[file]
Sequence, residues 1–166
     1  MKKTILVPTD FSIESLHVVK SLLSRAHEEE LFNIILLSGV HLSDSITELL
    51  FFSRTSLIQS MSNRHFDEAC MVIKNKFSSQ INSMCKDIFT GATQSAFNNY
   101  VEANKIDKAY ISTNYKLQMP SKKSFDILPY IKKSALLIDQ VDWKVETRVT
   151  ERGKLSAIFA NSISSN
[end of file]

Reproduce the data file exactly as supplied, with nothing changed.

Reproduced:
Sequence, residues 1–166
     1  MKKTILVPTD FSIESLHVVK SLLSRAHEEE LFNIILLSGV HLSDSITELL
    51  FFSRTSLIQS MSNRHFDEAC MVIKNKFSSQ INSMCKDIFT GATQSAFNNY
   101  VEANKIDKAY ISTNYKLQMP SKKSFDILPY IKKSALLIDQ VDWKVETRVT
   151  ERGKLSAIFA NSISSN